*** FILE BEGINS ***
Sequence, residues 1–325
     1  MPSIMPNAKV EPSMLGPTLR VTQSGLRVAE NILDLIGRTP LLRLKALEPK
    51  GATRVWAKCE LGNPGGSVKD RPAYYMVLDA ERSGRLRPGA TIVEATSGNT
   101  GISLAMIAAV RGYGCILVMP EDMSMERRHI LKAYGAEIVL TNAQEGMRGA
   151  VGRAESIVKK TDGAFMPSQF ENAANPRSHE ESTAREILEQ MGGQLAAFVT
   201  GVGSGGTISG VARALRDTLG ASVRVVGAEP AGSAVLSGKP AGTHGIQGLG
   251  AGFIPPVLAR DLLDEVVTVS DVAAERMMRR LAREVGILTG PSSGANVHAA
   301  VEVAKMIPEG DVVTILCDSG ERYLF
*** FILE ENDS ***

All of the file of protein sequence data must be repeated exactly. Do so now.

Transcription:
Sequence, residues 1–325
     1  MPSIMPNAKV EPSMLGPTLR VTQSGLRVAE NILDLIGRTP LLRLKALEPK
    51  GATRVWAKCE LGNPGGSVKD RPAYYMVLDA ERSGRLRPGA TIVEATSGNT
   101  GISLAMIAAV RGYGCILVMP EDMSMERRHI LKAYGAEIVL TNAQEGMRGA
   151  VGRAESIVKK TDGAFMPSQF ENAANPRSHE ESTAREILEQ MGGQLAAFVT
   201  GVGSGGTISG VARALRDTLG ASVRVVGAEP AGSAVLSGKP AGTHGIQGLG
   251  AGFIPPVLAR DLLDEVVTVS DVAAERMMRR LAREVGILTG PSSGANVHAA
   301  VEVAKMIPEG DVVTILCDSG ERYLF